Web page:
This is not the place to recite the history of the Florida real estate boom in detail, but the story of Miami is so intimately tied in with the genesis and after effects of the boom that it cannot be omitted from any attempt to account for the Magic City, which stands in all its glory where no such city has any justification for existence under the ancient accepted rules of economics. Anyone who is interested in a minute and detailed account of one of the most curious episodes in American economic history will find it all told painstakingly and accurately in Kenneth Ballinger's "Miami Millions." A few concrete instances, however, may well be cited to illustrate not only how Miami got its start but how firm a foundation the earliest and most honest of these real estate developers laid.

John S. Collins was a Quaker farmer from New Jersey. When he bought, in all, 1,600 acres of land on Miami Beach, he had in his mind a vision of a great residential suburb of Miami, as soon as that city grew large enough. While waiting for that time, he decided to develop his land agriculturally. In order to make it easier to get his avocados to the railroad shipping point at Miami he dug a canal through his acres and he built a road, which is now Collins Avenue.

Still the only way to get the produce from the grove to the mainland was by boat. Mr. Collins and his son-in-law, Thomas J. Pancoast, who in 1937 completed his sixteenth year as president of the Miami Beach Chamber of Commerce, obtained a charter for the construction of a bridge. With the bridge partially completed, more capital was needed. Messrs. Collins and Pancoast invited Carl G. Fisher to buy $50,000 of their bridge bonds. Mr. Fisher, who had retired with a comfortable fortune from his Presto-Lite Company, was vacationing in Miami. He went over to Miami Beach to see what was at the other end of the bridge. He saw the possibilities of an ocean front real estate development, and agreed to take the bridge bonds. The Collins interests gave him 200 acres of land. He bought 260 acres more and set dredges to work, pumping sand from the bottom of the bay to fill in the mangrove swamps, and laid out the property into streets, parks and building lots. That was the beginning of the Miami Beach of today. Carl Fisher and the Collins-Pancoast interests made money, other developers who followed in Carl Fisher's wake made money.

They made money because, as soon as they had made Miami Beach accessible and provided hotels in which visitors could sleep, and firm land on which people could build their homes, everybody who could afford it, broadly speaking, wanted to come to Miami Beach to play or to live or both. For it is impossible to challenge the claim of Miami Beach that it is the greatest playground of the nation. It has everything that the ordinary American wants when in search of winter relaxation; the Florida sunshine at its brightest and best, ocean-front beaches to bask on or to bathe from, sports of every kind in profusion, accessible to everybody. There are few social distinctions at Miami Beach. The homes of the wealthy and socially elect create an atmosphere which combine luxurious tropical beauty with sedate exclusiveness and good taste. But the common people are welcomed also-and there are more of them. The dozen or more islands adjacent to Miami Beach, dredged up from the bottom of the bay like the Beach itself, and connected by beautiful bridges and causeways, are built up with attractive homes and surrounded by restrictions calculated to prevent encroachments by undesirable neighbors.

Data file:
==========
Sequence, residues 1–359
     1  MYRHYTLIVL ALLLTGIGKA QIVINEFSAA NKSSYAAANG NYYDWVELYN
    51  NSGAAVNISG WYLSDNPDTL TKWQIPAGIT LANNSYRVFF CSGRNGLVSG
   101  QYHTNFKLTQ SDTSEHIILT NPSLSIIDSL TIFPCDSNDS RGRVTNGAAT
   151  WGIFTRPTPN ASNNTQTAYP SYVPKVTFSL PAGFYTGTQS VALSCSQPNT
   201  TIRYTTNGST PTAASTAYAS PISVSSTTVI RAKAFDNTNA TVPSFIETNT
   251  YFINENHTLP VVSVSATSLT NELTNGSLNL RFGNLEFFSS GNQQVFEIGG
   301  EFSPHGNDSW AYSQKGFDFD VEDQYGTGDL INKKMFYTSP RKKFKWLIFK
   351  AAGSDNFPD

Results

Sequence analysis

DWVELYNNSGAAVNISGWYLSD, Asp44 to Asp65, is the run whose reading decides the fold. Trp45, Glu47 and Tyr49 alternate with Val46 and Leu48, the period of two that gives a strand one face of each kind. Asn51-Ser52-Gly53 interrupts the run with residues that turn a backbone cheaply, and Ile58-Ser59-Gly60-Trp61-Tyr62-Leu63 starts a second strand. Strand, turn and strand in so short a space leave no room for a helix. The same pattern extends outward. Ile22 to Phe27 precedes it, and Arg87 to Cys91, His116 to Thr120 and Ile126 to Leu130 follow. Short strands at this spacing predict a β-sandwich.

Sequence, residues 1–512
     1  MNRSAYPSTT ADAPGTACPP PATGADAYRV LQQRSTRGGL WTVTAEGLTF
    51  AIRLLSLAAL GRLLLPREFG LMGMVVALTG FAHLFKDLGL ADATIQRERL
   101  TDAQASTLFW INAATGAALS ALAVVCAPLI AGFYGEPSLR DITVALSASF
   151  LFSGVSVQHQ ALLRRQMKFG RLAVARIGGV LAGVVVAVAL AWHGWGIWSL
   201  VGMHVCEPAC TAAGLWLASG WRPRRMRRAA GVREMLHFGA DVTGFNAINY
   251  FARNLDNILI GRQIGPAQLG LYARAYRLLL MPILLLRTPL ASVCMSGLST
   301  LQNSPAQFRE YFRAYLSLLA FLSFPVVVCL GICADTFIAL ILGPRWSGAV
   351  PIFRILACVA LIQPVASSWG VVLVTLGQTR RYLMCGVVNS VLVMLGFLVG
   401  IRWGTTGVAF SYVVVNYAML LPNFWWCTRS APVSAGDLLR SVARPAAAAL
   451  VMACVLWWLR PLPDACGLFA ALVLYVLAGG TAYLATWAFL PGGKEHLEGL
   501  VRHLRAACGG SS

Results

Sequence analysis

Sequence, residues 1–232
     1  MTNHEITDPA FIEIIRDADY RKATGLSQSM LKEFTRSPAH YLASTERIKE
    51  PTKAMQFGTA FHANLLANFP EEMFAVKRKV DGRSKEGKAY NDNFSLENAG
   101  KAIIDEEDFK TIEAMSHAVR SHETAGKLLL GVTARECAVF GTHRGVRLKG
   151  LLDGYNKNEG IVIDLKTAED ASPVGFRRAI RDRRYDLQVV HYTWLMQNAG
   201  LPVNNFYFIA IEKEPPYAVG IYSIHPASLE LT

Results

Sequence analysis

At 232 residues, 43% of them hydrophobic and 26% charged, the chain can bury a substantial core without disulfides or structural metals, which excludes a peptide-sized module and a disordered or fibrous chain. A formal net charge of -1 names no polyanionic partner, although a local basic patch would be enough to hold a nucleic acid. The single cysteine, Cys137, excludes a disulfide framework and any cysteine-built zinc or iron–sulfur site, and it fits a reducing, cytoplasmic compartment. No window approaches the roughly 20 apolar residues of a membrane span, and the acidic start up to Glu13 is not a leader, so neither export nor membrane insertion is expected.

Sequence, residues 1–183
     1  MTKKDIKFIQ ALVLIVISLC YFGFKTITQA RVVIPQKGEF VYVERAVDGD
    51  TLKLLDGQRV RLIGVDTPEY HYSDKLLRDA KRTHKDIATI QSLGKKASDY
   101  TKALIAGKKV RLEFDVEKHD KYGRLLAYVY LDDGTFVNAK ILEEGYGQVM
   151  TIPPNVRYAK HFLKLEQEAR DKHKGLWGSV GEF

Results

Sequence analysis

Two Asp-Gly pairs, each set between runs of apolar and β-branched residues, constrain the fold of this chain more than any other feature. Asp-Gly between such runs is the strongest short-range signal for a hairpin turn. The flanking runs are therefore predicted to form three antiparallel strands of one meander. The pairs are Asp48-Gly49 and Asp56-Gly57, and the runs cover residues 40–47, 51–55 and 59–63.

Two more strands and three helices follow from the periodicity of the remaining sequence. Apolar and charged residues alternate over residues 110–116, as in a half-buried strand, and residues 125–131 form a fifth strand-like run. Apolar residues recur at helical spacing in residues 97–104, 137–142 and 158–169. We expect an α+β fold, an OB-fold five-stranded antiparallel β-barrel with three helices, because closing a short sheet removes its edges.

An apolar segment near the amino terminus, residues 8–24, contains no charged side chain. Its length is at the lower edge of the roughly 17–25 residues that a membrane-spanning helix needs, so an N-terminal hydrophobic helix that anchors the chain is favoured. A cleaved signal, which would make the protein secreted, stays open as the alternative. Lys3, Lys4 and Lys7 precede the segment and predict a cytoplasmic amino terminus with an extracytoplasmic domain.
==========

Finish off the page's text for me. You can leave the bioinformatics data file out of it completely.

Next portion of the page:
In no spot in the United States has building activity been so continuous since the general slump in the building industry in the late 1920's as it has been in Miami Beach, with its in creasing popularity as a winter resort and the improvements in means of access. It was the first community in America to respond to the beginning of economic recovery in the 1930's. In 1935 and '36 Miami Beach headed the list of American cities in the volume and value of new building construction, proportionate to population. Hotels, apartment houses, business buildings and private residences were multiplied. More than 100 new hotels have been built at Miami Beach since the collapse of the Florida real estate boom.

On the mainland, the city of Miami began to get into its stride and to develop the civic pride which is so marked a characteristic of its citizens, within a year or two after the efforts of its real estate promoters had started the golden flood of northern money flowing its way. By 1924 Miami had begun to build sky-scrapers and to envision its future as that of a great metropolitan seaport. So great was the demand for the steel and stone and tiles and other building material necessary for modern tall building construction, and which Florida could not supply from its own resources, that transportation facilities almost broke down. The Florida East Coast Railroad, seeking to cope with the situation, double-tracked its entire right-of-way from Jacksonville to Miami; still the only doubletracked railroad in Florida. The Seaboard Airline, whose operations had been confined to the northern and western parts of the state, pushed its rails at top speed southward to Miami, making some sort of a time record in railway construction. Even these added facilities did not relieve the freight congestion, with the result that all of the railroads leading to and entering Florida were compelled to place an embargo upon shipments of all but perishable merchandise.